Servant Leader: Beyond The Classroom With Ross VanDerBill
Leslie Ravencroft '19

Developing a student’s character and faith — in and outside of the classroom — is at the heart of Mr. VanDerBill’s teaching style.

Historical documents cover the walls of Mr. VanDerBill’s classroom: Photographs, an American flag, and his combat uniform. The uniform is a reminder that the seventh grade social studies teacher served our country in Iraq. He isn’t just teaching from textbooks — but through experience. 

“Living the actual history, gave me an appreciation for history,” he says. “In my classroom we look at the ugliness of humanity. It’s the realities of our sinfulness that we wrestle with and how our faith should guide us.”

It’s this blending of faith and history and how Christians can learn from past atrocities that help shape his seventh grade social studies curriculum. “I want my kids to turn to the Bible to figure everything out,” he says. “I want them to process everything through their faith.”

Processing historical events through faith also helps develop critical thinking. “I want them to see how historical events led to one another and how they were all connected,” says Mr. VanDerBill. 

Developing his students’ character and faith — in and outside of the classroom — is also an important part of Mr. VanDerBill’s teaching style. At the beginning of the year, he tells all of his seventh grade students that they are young adults. Just those two words — young adults — helps make the environment a place of equal respect between the teachers and students. “The students really rise to a new level of maturity,” VanDerBill says. “The students feel respected and it adds to their confidence and character.”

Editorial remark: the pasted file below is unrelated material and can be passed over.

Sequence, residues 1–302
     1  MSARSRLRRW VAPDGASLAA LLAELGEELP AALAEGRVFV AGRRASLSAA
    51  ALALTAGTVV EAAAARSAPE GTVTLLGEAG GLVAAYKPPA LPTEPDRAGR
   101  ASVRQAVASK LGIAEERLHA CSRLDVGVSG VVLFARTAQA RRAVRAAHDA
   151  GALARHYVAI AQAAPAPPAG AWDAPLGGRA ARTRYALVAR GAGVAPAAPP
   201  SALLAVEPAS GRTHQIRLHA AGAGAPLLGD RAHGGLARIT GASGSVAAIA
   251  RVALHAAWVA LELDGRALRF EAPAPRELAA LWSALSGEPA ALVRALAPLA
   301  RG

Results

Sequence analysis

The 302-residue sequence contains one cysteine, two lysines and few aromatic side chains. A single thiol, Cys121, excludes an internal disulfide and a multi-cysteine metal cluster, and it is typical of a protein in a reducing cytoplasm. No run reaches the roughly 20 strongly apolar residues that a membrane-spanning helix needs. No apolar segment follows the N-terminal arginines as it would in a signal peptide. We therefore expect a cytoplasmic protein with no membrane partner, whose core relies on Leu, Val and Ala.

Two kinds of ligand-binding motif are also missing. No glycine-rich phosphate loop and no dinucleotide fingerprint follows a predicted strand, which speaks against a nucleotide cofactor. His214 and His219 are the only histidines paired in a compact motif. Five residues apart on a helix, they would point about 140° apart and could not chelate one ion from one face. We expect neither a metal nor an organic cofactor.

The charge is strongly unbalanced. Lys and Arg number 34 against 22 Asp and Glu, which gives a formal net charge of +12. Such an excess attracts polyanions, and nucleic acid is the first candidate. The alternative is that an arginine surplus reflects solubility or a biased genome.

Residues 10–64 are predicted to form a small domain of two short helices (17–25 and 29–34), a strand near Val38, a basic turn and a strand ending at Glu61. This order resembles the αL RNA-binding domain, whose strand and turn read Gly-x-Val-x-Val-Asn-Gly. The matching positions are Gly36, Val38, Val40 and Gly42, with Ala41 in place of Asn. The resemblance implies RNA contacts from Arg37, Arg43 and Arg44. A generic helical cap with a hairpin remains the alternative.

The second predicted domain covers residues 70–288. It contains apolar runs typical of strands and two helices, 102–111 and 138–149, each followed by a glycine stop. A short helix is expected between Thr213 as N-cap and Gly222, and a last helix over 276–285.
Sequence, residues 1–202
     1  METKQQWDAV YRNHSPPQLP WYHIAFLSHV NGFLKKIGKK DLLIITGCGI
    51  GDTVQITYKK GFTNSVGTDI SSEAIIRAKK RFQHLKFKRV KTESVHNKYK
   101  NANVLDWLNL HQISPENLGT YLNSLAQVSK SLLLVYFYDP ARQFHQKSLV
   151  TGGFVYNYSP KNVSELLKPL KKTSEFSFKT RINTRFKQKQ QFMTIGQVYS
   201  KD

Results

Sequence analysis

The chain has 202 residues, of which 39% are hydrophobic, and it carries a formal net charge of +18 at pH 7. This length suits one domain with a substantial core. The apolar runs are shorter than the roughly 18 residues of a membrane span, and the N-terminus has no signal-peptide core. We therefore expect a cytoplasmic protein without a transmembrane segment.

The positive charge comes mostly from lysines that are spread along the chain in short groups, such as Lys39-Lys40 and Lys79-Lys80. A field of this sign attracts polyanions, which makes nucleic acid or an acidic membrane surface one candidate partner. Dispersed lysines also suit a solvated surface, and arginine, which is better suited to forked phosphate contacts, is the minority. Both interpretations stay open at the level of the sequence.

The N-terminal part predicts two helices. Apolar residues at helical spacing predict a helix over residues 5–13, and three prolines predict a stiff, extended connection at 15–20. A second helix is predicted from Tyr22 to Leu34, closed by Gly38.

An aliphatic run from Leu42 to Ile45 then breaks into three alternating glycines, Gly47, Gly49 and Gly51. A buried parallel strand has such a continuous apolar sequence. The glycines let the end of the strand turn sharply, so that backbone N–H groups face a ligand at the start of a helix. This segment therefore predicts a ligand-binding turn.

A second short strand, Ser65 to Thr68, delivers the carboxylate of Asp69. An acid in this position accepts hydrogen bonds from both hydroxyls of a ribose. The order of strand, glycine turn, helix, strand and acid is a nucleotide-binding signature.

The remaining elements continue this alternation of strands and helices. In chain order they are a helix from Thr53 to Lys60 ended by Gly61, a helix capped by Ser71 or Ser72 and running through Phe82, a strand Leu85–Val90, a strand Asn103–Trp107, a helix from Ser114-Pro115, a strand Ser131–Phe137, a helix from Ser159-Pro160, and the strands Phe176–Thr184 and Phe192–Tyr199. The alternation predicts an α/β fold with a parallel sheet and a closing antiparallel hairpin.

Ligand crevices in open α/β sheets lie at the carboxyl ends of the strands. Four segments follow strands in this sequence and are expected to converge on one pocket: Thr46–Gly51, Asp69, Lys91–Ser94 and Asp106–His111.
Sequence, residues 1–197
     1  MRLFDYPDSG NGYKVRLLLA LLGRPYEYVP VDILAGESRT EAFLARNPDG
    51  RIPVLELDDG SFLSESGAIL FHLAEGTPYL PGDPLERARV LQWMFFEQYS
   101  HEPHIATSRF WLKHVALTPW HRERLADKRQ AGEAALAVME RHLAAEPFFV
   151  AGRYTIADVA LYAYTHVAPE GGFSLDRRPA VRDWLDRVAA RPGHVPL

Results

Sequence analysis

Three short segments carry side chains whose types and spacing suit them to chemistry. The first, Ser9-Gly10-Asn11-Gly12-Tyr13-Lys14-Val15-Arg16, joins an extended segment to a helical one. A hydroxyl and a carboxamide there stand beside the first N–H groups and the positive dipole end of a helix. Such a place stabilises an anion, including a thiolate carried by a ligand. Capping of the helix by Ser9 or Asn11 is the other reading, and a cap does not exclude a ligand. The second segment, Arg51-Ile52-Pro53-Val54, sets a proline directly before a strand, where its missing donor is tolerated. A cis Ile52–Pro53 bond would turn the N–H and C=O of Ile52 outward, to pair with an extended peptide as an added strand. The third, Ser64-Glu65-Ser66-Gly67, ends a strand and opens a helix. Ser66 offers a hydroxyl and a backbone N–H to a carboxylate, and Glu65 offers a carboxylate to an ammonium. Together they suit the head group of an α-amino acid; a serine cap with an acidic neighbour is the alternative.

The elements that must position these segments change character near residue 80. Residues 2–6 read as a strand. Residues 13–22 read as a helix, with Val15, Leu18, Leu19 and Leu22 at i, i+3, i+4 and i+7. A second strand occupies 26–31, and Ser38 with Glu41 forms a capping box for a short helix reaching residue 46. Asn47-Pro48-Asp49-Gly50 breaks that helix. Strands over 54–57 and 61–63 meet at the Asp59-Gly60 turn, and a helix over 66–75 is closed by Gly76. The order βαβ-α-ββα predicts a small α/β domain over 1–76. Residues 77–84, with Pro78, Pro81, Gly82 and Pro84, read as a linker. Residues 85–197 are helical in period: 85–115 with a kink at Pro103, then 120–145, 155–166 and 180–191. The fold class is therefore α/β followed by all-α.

Developing confidence and character is something that Mr. VanDerBill strives to do even outside of the classroom — particularly with middle school boys. And sometimes that means taking them outside of their comfort zone. 

I want my kids to turn to the Bible to figure everything out.

For the past six years, Mr. VanDerBill, along with fifth grade teacher Mr. Scholma, have lead a group of middle school boys to the Upper Peninsula of Michigan for a week of camping, canoeing and fishing. About seven hours away from the concrete jungle of Chicagoland is the Sylvania Wilderness, part of the Ottawa National Forest. It’s here that all modern conveniences are left behind — and young men can truly experience God’s creation, deepen their faith, and develop more responsibility. 

Mr. VanDerBill explains, “We want the boys to experience life outside of their comfort zones and learn skills beyond what they are used to.” 

There’s no running water, no electricity, no cell phones, no cars. The boys have to fish and cook their own dinners, sleep in tents, and the only way to get around is by canoe. 

“The boys develop higher levels of maturity as they are shown a mutual respect from Mr. Scholma and me,” Mr. VanDerBill explains. “I want to show them that when we’re out in the wilderness we are all equals.” 

It’s in the towering trees, the still lake, and even when it rains (Mr. VanDerBill says it always does!) that young men can experience God’s vast love through his creation. Every morning the boys have devotions together, then they each break away from the group for quiet reflection. 

“This trip really helped me in my faith, because it was time away and miles away from everyone,” says Trevor Wolterstorff, who is now a sophomore in high school. “I started doing devotions more after the trip.” 

As the boys renew their faith through fellowship and mentors, they are able to take their experiences with them as they venture out of the woods and back into the halls of Timothy. Experiencing new territory and greater responsibility is vital to growing in maturity and becoming lifelong servant leaders.

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